But what the coach and athlete really want is how to train to reach this optimal performance. We advocate a process called the Steering Principle and is described in detail here on our website. Basically, the steering process is a continuous monitoring of the athlete and whether the prescribed training is working or not and will work with any training approach.*.

Steering to a optimum performance through constant testing to ensure continued success

*We are indebted to Jan Olbrecht for introducing us to this principle. It is fairly standard practice amongst high level coaches and sports scientists in Europe. His book, The Science of Winning is probably the best training book in the world.

Using a professional

One of the most sophisticated practitioners of the training of runners using science in the US is Shannon Grady. Shannon has a masters degree in exercise physiology, was once one of the top 1500 m runners in the US, has worked for the Olympic committee training runners and has performed over 10,000 tests on runners over the years. She has an impressive record of improving her athlete's performance, especially with young runners.

Shannon's organization is Go Athletics and to see her website click here.

Here are a sample of some of Shannon's blog posts on using science in the training of runners.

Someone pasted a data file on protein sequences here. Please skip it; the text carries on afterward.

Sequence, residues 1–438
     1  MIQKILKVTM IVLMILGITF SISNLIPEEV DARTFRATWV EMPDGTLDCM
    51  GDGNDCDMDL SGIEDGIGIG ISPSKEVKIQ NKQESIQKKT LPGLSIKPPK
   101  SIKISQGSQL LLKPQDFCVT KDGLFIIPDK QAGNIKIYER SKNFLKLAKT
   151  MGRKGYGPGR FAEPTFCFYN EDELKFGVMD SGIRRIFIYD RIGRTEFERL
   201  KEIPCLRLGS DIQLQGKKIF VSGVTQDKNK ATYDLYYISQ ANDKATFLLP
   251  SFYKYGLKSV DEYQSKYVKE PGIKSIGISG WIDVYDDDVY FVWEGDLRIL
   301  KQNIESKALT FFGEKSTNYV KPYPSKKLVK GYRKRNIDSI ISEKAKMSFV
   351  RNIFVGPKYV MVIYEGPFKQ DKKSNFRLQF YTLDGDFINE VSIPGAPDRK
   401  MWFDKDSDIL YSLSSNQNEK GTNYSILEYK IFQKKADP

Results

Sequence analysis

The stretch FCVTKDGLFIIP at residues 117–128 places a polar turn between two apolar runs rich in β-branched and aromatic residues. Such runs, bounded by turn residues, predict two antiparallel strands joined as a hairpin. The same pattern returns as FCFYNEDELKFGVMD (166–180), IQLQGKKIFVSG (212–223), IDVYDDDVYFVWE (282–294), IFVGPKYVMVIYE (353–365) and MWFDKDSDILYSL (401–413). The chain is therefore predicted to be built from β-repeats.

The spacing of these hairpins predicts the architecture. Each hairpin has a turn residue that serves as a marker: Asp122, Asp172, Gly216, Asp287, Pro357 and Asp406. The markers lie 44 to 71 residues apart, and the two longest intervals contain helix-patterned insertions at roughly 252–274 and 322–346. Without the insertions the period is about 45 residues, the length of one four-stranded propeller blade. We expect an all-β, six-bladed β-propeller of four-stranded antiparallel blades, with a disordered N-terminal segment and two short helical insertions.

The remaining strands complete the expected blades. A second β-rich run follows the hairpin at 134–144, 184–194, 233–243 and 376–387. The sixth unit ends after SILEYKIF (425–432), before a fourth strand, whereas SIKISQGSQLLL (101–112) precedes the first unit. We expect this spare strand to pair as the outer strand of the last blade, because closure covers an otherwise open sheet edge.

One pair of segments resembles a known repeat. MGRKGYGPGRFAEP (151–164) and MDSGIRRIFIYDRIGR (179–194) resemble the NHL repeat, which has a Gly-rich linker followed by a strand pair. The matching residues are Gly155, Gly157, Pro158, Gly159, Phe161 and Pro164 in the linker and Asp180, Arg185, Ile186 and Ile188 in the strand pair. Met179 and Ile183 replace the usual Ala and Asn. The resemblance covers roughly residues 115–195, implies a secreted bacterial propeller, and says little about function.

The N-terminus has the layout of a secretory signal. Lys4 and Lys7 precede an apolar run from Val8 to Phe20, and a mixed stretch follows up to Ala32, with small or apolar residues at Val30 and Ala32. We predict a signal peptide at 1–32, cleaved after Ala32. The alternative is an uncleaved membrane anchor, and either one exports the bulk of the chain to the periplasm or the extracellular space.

There are others but Shannon is one of the most systematic sports scientist in the US and has good results. You can follow Shannon on Twitter.

Steering to a optimum performance through constant testing to ensure continued success

Doing it yourself

Many coaches and athletes do the testing themselves. They have experience with it from courses they have taken in their education and accreditation process. Many of the coaches have been tested when they were athletes. The following is a simple approach to lactate testing.

This website also has a list of typical questions with answers that athletes and coaches have about lactate testing. It might be good to review this if any of the terms used here are unfamiliar. FAQs about lactate testing.

There are two kinds of lactate tests:

One way to use lactate measurements to set training paces is to determine a baseline lactate for the athlete (usually between 1.3- 2.0 mmol/l) so that the coach and athlete know whether the athlete is training too fast or too slow.  This might require 2-3 additional measurements beyond those needed to find a V4 level (the V4 is the speed during a test that generates 4 mmol/l of lactate.) It may not be necessary for the recreational triathlete, but the literature suggests that most athletes at all levels train too hard. Harder than what is best for their development.  It is difficult to tell am athlete that he is training too hard if his lactate for a particular set is 2.5 mmol/l and the effort feels easy. But this might be a very inappropriate training level if his baseline is 1.5 mmol/l and that is where most of his training should take place.